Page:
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Feds Raise Caution Flag On VoIP Phone Systems

Thinking of deploying a VoIP phone system to save money? A federal agency charged with promoting technology says you should proceed cautiously because of security risks when deploying VoIP phone systems.

Thinking of deploying a VoIP phone system to save money? A federal agency charged with promoting technology says you should proceed cautiously because of security risks when deploying VoIP phone systems.In its recent report, Security Considerations for Voice Over IP Systems, the National Institute of Standards and Technology says VoIP shows promise for lower cost and greater flexibility, but its very different architecture than circuit-switched telephony creates significant security issues. "Administrators may mistakenly assume that since digitized voice travels in packets, they can simply plug VoIP components into their already-secured networks and remain secure," the report says. "However, the process is not that simple."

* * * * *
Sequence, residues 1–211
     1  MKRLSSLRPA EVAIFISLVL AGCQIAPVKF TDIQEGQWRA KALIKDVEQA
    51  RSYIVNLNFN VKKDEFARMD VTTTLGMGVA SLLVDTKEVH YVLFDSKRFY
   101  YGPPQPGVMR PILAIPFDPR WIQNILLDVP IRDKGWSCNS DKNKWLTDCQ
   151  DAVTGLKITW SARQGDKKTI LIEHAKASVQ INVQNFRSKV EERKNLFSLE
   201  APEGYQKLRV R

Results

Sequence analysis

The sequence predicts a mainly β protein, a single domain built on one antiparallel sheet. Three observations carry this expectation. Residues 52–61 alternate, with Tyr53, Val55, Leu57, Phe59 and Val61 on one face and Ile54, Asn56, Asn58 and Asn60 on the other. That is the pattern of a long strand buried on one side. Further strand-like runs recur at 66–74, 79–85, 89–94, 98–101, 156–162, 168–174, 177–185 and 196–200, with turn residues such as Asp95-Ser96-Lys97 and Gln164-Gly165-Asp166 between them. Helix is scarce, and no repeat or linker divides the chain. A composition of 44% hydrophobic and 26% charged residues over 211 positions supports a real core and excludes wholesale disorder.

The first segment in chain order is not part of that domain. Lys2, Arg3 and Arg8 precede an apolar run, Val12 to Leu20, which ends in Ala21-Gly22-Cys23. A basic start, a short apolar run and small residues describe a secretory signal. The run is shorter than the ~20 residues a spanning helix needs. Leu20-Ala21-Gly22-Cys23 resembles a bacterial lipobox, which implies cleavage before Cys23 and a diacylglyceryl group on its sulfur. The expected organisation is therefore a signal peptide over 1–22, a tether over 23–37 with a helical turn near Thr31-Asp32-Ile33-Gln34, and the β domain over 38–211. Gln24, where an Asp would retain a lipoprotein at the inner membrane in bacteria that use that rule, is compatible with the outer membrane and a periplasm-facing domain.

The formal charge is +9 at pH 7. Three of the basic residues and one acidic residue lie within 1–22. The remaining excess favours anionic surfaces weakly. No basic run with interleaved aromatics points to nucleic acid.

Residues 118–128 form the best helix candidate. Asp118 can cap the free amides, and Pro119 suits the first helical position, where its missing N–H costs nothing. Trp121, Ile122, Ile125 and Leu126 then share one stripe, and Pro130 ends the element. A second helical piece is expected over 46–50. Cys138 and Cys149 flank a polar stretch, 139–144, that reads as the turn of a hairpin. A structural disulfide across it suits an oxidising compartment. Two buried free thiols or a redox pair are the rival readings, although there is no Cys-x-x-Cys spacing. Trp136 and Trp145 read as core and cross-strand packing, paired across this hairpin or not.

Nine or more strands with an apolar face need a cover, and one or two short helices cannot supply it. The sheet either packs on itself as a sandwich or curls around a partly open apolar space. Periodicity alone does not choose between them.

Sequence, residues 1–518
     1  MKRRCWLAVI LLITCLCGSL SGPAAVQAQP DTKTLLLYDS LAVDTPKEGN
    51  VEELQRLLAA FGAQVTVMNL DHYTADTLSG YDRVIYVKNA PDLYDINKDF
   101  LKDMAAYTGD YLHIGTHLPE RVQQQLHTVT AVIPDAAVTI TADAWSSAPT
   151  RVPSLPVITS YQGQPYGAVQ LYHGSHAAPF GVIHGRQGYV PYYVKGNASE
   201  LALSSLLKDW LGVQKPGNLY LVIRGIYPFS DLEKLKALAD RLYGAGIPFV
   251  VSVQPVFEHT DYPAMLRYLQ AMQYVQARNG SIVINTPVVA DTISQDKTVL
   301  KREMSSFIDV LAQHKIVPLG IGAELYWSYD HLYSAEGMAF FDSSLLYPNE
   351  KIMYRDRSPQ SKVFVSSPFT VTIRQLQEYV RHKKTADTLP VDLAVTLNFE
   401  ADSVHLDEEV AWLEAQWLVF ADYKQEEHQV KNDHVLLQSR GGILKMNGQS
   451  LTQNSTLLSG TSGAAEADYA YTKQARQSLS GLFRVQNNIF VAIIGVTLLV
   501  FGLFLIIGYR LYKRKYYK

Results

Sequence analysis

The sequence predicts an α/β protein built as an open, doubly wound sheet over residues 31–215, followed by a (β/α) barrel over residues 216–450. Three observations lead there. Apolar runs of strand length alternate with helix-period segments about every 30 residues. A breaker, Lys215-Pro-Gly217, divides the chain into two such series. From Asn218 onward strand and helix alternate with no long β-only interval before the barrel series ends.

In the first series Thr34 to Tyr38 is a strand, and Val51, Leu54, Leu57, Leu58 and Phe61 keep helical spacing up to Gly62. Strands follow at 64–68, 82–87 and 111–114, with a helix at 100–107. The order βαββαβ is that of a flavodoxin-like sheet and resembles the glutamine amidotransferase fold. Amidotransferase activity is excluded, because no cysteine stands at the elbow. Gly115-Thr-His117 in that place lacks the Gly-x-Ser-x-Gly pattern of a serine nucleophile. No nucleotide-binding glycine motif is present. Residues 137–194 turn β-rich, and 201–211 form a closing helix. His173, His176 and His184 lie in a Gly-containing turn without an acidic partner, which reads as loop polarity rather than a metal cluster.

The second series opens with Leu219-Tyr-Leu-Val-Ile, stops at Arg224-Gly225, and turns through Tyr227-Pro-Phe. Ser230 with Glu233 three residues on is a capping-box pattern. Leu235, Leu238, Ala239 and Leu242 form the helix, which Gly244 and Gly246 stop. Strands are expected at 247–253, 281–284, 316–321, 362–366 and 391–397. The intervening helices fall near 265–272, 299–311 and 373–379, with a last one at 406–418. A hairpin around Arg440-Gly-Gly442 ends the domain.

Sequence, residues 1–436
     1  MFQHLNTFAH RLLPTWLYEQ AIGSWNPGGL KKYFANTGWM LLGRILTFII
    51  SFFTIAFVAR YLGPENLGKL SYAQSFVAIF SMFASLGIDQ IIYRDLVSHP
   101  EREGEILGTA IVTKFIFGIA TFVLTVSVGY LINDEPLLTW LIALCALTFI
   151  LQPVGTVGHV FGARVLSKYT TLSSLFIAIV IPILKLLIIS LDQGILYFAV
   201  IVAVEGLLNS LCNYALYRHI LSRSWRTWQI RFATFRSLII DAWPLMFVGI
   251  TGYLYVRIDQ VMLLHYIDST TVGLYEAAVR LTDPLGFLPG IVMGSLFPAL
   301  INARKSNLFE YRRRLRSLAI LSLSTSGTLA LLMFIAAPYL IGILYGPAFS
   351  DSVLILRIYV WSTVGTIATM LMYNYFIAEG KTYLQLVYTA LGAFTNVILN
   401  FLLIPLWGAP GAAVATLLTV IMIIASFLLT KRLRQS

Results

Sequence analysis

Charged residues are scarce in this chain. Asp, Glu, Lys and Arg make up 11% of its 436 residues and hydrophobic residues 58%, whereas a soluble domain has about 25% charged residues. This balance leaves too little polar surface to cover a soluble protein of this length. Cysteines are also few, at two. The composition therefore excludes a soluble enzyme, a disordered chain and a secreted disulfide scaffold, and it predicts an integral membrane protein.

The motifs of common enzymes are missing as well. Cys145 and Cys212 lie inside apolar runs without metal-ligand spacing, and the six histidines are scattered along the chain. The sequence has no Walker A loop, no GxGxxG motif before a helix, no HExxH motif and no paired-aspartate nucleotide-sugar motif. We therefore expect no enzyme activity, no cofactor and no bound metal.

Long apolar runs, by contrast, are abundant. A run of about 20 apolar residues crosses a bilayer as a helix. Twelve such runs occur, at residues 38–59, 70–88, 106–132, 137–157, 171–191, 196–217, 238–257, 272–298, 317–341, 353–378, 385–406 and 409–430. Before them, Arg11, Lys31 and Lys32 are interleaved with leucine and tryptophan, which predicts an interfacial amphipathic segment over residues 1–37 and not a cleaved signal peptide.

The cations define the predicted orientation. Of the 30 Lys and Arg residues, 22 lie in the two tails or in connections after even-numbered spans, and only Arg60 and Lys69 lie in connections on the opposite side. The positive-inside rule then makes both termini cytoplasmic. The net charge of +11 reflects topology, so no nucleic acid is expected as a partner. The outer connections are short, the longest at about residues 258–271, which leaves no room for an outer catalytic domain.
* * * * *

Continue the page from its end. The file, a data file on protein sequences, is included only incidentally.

Implementing common security measures into VoIP, such as firewalls and encryption, can cause poor voice quality and blocked calls if not done carefully and with the proper equipment, the NIST report says, adding that designing, deploying, and securely operating a VoIP network is a complex effort that requires careful preparation.

NIST recommends developing appropriate network architecture, including separate voice and data networks where feasible and practical; ensuring that the organization can manage and mitigate risks to their information, system operations, and continuity of essential operations when deploying VoIP systems; employing and routinely testing the security features included in VoIP systems; and updating VoIP software regularly and frequently. Because worms, viruses, and other malicious software are common on PCs connected to the Internet, NIST suggests agencies avoid using so-called softphone systems that implement VoIP using a PC with a headset and special software.

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